As Benson described, when we talked last Spring I had come to the realization that SMU has many good ministries and I wasn’t sure my place. Our ministry was small and graduating 3/4 of our students. All reasons for discouragement or questioning my place in ministry at SMU. But at the same time, I saw a campus that while heavily saturated with ministries, still was over 90% unreached (not hard numbers but adding up attendance of weekly large group meetings). If a student was looking for a mid-week large group with teaching and singing and announcements, they had many varieties to choose from. So as much as the “Sing and Speak” large group gathering is a college ministry staple and an unquestioned first step in establishing a ministry, we don’t do one and have no plans for one.

    We are still figuring out what it looks like and how it works to have a de-centralized ministry but that is what we are aiming for. In other words, I don’t expect that we will ever gather all our students together at one time. Because I hope many of these students may not realize they are “in” a campus ministry. They may know myself or a student we’re mentoring. They may come with others from other “pods” to serve the campus or community, but it will not feel like a traditional campus ministry where everyone meets in the Union on Tuesdays at 8 pm.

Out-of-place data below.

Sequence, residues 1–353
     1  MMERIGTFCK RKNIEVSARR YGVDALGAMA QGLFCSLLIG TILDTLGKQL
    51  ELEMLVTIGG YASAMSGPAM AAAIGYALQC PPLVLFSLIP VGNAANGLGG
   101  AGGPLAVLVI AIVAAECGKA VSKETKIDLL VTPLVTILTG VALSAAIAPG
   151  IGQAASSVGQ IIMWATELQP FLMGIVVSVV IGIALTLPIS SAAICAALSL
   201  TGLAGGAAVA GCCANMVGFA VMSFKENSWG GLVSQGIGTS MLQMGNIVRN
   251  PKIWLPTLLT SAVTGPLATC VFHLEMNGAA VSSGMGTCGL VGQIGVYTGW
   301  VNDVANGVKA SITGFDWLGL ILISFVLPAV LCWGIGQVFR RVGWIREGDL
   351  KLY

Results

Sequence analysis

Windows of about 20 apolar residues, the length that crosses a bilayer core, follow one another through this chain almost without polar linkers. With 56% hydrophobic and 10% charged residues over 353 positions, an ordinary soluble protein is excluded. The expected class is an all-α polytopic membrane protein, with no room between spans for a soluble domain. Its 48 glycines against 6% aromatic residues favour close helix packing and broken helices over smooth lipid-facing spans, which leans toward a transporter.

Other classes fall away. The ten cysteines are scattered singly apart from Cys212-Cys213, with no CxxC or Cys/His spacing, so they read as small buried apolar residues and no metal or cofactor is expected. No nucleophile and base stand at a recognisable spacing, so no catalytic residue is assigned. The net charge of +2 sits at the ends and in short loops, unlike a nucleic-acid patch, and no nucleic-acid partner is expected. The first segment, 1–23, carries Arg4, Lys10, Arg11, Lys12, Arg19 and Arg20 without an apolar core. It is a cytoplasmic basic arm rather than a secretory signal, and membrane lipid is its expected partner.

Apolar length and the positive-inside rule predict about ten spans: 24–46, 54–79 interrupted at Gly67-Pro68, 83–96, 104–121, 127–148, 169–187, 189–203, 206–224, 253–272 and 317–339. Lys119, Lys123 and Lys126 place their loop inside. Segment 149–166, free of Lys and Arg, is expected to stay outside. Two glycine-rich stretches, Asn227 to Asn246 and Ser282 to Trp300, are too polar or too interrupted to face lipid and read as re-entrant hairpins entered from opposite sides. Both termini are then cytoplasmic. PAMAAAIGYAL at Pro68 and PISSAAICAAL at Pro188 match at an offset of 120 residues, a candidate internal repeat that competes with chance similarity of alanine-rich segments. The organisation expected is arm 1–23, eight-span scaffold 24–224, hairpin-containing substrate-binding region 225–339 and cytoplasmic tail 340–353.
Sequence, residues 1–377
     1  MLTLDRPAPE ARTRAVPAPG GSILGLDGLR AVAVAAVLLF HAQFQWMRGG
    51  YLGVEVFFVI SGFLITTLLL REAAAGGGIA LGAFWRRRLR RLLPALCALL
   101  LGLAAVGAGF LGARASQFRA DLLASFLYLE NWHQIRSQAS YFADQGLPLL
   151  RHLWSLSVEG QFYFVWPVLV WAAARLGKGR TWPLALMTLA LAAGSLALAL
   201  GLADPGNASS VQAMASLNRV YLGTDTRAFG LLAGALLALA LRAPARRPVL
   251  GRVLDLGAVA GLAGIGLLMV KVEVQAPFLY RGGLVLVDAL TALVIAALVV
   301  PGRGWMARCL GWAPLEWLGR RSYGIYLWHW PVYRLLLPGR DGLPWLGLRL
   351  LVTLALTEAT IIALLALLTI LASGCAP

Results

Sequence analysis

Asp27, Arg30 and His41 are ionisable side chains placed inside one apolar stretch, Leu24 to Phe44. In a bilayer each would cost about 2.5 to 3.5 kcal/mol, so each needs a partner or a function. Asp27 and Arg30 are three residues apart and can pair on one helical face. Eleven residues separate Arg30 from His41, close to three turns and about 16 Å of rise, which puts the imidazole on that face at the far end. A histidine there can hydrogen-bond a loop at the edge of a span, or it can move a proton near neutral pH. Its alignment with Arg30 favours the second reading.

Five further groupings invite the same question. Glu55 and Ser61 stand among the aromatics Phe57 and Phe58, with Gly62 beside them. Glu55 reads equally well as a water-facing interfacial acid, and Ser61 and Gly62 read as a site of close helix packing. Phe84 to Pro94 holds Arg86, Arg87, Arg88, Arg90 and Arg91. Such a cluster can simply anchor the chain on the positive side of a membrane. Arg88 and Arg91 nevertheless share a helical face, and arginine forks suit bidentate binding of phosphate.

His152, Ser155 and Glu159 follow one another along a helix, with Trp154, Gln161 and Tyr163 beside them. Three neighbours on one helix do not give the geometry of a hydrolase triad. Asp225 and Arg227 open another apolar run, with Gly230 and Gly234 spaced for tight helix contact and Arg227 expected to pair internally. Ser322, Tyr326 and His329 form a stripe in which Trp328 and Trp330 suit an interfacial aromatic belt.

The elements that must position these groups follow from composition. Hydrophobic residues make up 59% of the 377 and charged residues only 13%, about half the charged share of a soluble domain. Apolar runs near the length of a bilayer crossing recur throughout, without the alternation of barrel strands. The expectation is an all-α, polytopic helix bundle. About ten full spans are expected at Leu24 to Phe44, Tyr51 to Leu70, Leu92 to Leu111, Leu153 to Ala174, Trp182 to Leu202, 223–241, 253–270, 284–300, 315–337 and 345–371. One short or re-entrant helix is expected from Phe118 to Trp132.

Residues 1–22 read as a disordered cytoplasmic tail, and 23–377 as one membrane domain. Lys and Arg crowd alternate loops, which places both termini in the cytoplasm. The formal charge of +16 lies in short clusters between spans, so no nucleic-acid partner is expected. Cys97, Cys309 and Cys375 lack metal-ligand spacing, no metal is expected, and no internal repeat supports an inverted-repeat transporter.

I’ll be a little more specific with our strategy (hope this helps). Some of our potential “pods” or “niches” are Greek houses, dorms, student groups, or a specific nationality of international students. We actually have a “base” pod too. In essence it’s a more traditional looking college ministry in a lot of ways, but our goal is to keep this always smaller and leaner (less programs) so that our leaders are really being trained not to run the ministry so much as be sent out to start pods in the places on campus they have relationships.

    So the pods could be nothing more than a student in a club who decides to intentionally invest time in relationships there and prayer specifically for them. Maybe from this a Bible study starts with a few students over time.

    Right now, any activity here is staff-led. We are truly only getting this ball rolling. I think it will take 2 years on this vision before it will really take shape and by year 3 hopefully students are starting pods. I actually want to start a program basically to train and support students for this goal (including a small stipend and ministry expenses). We think we can have a greater impact on our campuses this way rather than by following a more traditional model.

    I know many ministries are already doing things like this (I went to school at UT-Austin and saw many ministries approach the campus as a large collection of “people-groups”–a missiological approach to college ministry). I think Steve Lutz’s new book “College Ministry in a Post-Christian Culture” talks about this as well.

    I also want to say that I think other ministries keep a more traditional structure and do what I described as an extension of it.

    Ok, I’ve already written too much. Really grateful for Benson’s blog and his efforts to create conversations like this one (and for our strategy session last Spring).